Book Review: Khao San Road by David Youngposted on 13 July 2011 | posted in Books
Going through immigration at Bangkok airport, an officer noticed I hadn't completed my arrival card - there was no destination address. "Where you stay for your trip?". "I'm not sure, it's my first time, I'm sure I can find somewhere". He shrugged, and wrote down just three words for my address: Khao San Road. Even Thai Immigration see this road as an unofficial detention centre for vagrant farangs, miles away from the plusher hotels and shopping plazas of Silom and Siam that the truly moneyed tourists love to pollinate with their cash. And so I went to Khao San Road.
When you see a book titled "Khao San Road", you brace yourself for every travelling-in-Thailand cliché under the hot sun. But this is a David Young book, and in his typical fashion, he creates irreverant characters who go against the stereotypes that are easily conjoured up when one thinks about Thailand. Young's farang characters are incongruous against-type individuals and the story is a bizarre mix of coincidences and occurrences. Blaise Bujold is one such character who would be better off at the Dusit Thani than a backpackers on Khao San Road. He likes to travel in style, has an obsession with the way he presents himself to others, and so finds himself completely at odds with the no-budget accommodation he's installed in.
Young describes Khao San Road's sights and sounds just as I have witnessed them myself. For example: walking down the road, you might hear sudden, and ear-splitting machine gun fire from the darkened lobby of a guesthouse, and worry that some drug deal's just gone horribly wrong; morbid curiosity draws you in until you see it's just a bunch of tourists watching Tropic Thunder at full volume. Welcome to Khao San Road, base camp of the adventurer, or at least, movie addict.
Young's book starts in Sri Navanayok School where a corrupt headmaster is preoccupied with New Champion, a competitor school, and is worried all the kids will move to this new school in the next school year. He needs a plan to improve his own school's standing. And that plan involves recruiting five "handsome" farang English teachers to his school. Where can he find such teachers? Do I need to say the name of this book again? And so the story begins.
We're then introduced to Daniel, a quiet, overwrought 21 year old obsessed with what his dead brother might or might not do if he was in the same situations Daniel finds himself in. He finds himself at odds with the Khao San Road crowd, keeping himself to himself. Until he meets....ah this again. When reviewing books, I don't want to go through the whole story. It's a long, elaborate story - let me tell you what's good and what's bad.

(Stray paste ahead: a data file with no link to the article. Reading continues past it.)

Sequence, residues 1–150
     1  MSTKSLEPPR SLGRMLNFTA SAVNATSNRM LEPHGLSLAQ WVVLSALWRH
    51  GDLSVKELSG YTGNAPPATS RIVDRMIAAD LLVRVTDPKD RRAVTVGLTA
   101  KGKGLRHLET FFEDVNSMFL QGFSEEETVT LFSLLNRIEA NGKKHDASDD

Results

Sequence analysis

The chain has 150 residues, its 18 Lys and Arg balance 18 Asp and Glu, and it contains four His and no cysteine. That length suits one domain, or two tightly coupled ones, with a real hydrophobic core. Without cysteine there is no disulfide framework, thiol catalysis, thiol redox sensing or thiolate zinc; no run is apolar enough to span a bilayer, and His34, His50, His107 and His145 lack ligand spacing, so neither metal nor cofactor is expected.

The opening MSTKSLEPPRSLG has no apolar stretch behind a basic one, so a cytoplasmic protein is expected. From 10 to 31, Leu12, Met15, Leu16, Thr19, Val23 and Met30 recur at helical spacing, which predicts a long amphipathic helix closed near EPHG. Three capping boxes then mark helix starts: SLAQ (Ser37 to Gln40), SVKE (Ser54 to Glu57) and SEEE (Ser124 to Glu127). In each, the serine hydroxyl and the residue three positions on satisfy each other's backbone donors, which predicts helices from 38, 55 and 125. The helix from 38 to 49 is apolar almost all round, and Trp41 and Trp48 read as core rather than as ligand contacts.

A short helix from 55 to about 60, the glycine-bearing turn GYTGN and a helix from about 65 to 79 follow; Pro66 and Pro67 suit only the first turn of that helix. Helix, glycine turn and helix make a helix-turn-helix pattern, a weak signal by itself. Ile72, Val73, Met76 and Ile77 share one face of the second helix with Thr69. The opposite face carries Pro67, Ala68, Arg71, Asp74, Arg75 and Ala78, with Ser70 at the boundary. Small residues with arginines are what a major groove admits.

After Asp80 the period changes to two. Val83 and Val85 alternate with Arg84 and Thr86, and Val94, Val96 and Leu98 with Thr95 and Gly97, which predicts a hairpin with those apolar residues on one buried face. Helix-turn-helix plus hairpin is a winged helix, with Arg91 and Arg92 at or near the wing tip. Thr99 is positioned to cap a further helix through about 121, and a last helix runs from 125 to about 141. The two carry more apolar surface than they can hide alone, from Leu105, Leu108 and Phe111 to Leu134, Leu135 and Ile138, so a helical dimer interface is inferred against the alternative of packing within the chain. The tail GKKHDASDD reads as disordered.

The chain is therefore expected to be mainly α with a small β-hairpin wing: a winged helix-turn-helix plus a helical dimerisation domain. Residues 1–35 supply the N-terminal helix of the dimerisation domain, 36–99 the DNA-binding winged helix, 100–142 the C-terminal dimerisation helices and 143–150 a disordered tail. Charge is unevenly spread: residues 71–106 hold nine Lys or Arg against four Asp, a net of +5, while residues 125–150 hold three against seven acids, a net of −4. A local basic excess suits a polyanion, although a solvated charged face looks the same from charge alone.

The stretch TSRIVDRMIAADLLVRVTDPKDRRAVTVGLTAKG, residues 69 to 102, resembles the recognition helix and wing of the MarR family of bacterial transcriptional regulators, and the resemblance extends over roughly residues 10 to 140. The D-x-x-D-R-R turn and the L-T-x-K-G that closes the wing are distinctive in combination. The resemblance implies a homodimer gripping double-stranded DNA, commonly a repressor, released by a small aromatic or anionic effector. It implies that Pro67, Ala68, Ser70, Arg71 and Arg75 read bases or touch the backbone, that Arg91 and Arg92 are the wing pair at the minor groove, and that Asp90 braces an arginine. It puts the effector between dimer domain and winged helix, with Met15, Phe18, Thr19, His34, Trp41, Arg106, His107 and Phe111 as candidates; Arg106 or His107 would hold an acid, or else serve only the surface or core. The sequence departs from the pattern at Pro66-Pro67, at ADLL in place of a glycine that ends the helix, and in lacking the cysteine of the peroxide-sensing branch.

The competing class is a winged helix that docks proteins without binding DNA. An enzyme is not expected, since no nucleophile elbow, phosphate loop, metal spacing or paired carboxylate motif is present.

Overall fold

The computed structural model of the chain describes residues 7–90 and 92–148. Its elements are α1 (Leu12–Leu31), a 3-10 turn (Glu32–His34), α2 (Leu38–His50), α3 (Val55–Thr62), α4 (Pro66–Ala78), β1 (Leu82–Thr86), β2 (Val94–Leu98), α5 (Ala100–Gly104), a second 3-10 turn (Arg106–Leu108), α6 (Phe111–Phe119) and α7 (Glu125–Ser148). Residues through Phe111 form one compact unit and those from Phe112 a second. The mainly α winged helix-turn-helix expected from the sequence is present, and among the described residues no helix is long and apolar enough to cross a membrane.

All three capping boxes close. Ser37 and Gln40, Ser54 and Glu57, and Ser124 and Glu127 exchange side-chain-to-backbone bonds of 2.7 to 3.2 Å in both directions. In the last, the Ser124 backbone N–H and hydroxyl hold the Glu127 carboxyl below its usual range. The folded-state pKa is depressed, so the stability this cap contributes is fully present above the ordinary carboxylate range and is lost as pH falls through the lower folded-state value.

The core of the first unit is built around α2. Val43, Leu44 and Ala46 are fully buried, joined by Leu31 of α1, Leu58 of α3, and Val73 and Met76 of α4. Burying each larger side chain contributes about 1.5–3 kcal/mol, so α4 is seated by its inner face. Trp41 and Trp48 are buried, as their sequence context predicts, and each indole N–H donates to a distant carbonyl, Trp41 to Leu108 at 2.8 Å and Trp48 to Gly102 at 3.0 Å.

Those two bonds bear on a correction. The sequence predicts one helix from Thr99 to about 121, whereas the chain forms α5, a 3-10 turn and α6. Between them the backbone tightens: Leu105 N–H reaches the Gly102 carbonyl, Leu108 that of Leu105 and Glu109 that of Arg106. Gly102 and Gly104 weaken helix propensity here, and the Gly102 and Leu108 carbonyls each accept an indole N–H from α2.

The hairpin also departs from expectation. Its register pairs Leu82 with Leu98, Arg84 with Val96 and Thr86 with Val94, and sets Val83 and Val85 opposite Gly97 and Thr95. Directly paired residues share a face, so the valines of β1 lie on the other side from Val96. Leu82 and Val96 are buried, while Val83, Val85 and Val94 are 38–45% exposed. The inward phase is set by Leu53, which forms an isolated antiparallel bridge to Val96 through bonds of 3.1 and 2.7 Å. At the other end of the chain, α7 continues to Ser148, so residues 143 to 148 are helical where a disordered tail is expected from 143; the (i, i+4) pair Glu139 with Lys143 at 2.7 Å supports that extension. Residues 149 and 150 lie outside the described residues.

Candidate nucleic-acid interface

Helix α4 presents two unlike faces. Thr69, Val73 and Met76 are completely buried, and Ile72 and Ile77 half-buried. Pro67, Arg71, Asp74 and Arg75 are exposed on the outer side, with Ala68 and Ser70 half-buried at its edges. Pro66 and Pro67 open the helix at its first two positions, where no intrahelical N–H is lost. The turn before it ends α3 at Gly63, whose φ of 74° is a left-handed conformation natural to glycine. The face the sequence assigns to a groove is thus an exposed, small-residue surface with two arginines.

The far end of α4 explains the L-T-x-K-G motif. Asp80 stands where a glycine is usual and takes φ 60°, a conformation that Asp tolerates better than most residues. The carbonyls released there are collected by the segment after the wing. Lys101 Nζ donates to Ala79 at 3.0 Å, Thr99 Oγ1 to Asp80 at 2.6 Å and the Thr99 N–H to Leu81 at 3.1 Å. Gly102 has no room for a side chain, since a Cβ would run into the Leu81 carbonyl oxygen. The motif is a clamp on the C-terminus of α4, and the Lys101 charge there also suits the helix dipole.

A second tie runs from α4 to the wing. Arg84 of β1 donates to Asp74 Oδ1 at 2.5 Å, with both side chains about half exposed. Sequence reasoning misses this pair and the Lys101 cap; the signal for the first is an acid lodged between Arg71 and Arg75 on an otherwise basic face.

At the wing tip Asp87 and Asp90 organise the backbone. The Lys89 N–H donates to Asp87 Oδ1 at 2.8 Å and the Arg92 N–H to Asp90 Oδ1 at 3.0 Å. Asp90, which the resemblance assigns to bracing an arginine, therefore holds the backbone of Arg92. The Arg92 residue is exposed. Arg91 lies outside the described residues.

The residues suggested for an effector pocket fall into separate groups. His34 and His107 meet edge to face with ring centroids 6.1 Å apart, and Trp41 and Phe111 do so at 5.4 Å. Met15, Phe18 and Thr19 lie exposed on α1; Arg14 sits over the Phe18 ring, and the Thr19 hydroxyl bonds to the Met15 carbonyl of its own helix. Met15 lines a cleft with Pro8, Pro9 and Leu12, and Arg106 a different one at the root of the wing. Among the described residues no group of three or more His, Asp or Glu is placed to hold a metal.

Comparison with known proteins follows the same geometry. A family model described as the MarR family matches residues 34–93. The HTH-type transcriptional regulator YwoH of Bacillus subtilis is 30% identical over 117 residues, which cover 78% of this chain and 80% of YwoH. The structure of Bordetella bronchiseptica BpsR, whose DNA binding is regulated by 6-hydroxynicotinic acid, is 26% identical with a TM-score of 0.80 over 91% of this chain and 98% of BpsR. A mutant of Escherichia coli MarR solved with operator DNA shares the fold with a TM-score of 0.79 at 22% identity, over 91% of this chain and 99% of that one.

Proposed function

I really like the underlying themes Young works on in the book. Khao San Road seems to be such a centre for all the characters, yet there's nothing actually really there. It's a hub, like an airport. And like any hub, people are filled with the dreams of travel, of adventure. Real life is on the edges, out there. The self-obsessed Blaise is also self-aware enough to know life cannot be found on Khao San Road - it exists in obscurity. Love and life is always obscure, surprising, and comes at you from the left-field. This very theme is such an under-explored one with Thailand and I'm glad David targets it. For me, the real adventurer is the obscurist: the guy who lives in Saphan Kwai with his girlfriend who works at the local 7-11. Living the obscure life - where there are no references to your previous existence - that's when you really see life with fresh eyes.
And so Blaise has to deliberately de-rail his life - not get it back on track - in order to find his new philosophy. For me, Blaise was the most interesting character since his voice was the most articulate, and whatever his annoying habits (and he has them), he always had some interesting thoughts. His philosophy - although bordering on cheesy pop-psychology you might hear on Oprah - did hit on some good points from time to time. From Blaise to Merlin to Daniel, everyone seemed to realise that surprising yourself was perhaps the only way to have a true adventure - and that meant sometimes going right out of your comfort zone - far away from the more conventional ideas of what adventure is.
What's Not So Good
It's a David Young book, so you have to suspend belief a lot of the time. I always feel like an author is phoning a friend, going 50/50 or asking the audience when he introduces a coincidence to a story. It's like he loses a lifeline. When they pile-up, a story can lose its shape somewhat since you simply expect anything to happen - and some suspense is lost. However, I can forgive David because his underlying themes are still very interesting, so the plot felt secondary to me when compared to what the characters were actually thinking. There's humour throughout the book, much of which I found enjoyable, though some is a bit of the sad trombone slapstick variety.
An enjoyable read - I've said this before about Young's books - don't worry too much about the plot - enjoy the style, and enjoy the themes, and you'll get the most out of this book - highly recommended.